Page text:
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Impact of U.S. Copyright Act


The 1976 U.S. Copyright Act regulates how maps, historic photographs, architectural and engineering drawings, textual material, and other media which were created by an individual or an agency outside Heritage Documentation Programs (HDP) or the U.S. Government can be incorporated into HDP documentation as formal documentation. Although the act does not prohibit the use of these materials, it requires the HDP researcher to verify the copyright status of all materials to be included in documentation prior to final submission and, if necessary, secure a transfer (release and assignment) of copyright to the National Park Service. Without a release and assignment of copyright, materials cannot enter the HDP collection at the Library of Congress as formal documentation.


At the Library of Congress, HDP Documentation is in the public domain. Strictly speaking, "public domain" is "the realm embracing property rights belonging to the community at large, subject to appropriation by anyone, specifically, status unprotected by copyright or patent [or trademark]" (Webster's Third New International Dictionary). Materials enter the public domain when and only when:

  1. copyright protection for the work expires,
  2. copyright is abandoned by the copyright owner (i.e. transferred, or released and assigned), or
  3. copyright protection is forfeited by failure of the copyright owner to comply with the law.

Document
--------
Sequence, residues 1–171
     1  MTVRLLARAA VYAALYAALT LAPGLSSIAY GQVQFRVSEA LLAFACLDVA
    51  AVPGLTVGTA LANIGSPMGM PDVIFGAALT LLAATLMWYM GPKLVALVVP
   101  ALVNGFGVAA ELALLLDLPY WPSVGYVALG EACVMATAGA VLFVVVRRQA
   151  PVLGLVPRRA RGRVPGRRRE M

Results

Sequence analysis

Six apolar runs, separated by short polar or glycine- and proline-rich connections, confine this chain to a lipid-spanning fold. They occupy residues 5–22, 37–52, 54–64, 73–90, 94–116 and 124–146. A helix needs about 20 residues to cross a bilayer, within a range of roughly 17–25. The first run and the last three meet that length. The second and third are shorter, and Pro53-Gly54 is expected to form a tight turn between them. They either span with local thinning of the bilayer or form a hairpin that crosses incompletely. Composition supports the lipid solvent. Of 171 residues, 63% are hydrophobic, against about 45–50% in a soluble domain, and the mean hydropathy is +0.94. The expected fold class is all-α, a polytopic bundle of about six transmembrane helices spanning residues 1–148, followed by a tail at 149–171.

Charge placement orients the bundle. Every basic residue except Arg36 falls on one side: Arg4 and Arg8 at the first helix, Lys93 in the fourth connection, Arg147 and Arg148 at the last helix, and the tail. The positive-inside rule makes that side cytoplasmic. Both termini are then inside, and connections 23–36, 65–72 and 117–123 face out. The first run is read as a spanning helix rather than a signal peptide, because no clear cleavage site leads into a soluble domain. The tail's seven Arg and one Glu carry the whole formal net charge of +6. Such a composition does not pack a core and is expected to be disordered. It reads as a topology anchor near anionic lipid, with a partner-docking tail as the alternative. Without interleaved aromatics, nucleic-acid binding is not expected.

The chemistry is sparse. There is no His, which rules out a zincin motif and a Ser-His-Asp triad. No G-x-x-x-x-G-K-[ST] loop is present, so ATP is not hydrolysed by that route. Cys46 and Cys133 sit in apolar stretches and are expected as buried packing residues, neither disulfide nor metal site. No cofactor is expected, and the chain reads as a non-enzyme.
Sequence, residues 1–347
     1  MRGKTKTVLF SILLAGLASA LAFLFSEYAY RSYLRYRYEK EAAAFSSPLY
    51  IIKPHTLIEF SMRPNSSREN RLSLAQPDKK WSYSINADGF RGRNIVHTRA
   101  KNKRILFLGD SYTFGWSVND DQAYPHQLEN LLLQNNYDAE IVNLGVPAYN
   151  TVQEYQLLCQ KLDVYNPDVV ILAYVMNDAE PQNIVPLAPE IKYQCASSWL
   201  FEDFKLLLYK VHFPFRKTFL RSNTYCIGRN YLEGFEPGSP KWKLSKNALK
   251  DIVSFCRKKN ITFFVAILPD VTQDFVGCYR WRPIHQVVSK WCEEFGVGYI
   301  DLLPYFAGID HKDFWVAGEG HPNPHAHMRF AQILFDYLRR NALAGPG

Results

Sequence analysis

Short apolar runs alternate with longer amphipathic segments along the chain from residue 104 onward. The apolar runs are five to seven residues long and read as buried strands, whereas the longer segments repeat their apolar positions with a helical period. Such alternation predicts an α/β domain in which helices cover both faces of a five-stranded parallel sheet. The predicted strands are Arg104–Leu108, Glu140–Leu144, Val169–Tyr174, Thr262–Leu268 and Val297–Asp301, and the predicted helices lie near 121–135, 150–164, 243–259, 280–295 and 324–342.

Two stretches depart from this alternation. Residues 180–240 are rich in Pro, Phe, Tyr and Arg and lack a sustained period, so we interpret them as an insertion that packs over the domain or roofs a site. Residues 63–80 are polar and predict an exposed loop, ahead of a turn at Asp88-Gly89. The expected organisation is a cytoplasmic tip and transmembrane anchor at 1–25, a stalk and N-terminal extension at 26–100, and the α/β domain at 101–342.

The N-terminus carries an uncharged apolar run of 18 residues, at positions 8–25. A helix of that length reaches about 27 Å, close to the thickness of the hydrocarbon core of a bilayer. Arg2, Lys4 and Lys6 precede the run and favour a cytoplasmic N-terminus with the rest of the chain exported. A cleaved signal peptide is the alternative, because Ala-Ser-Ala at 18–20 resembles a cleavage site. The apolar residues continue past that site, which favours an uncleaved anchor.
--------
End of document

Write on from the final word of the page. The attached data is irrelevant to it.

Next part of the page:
Materials in the public domain also include:
  1. all materials published before January 1, 1923, and not renewed, and
  2. all materials entirely created, commissioned, and/or published by the U.S. Government, including materials produced by federal government employees in the course of their jobs. [Materials created or published by the U.S. Government in collaboration with a non-U.S. Governmental individual or agency may or may not be in the public domain. Materials fitting this category may require additional background research.]

A common misconception about copyright and the public domain is that anything old and/or unpublished is copyright-free.


When materials are donated to a documentation project by a second or third party or a sponsoring state agency, the legal transfer of copyright is not binding unless set down in writing, even if the materials in question are donated or voluntarily incorporated into a documentation project by the owners of the materials. State agencies, private corporations, and all other non-U.S. Government sponsors of HABS/HAER/HALS recording projects must transfer all rights to the materials under consideration to the National Park Service if they wish to have them included in the formal documentation. Copyright Release Form

Note: Contact the HABS/HAER/HALS Collections Manager at if you have any questions about copyright and HABS/HAER/HALS documentation. For more information on the 1976 Copyright Act as amended, consult the U.S. Copyright Office's website.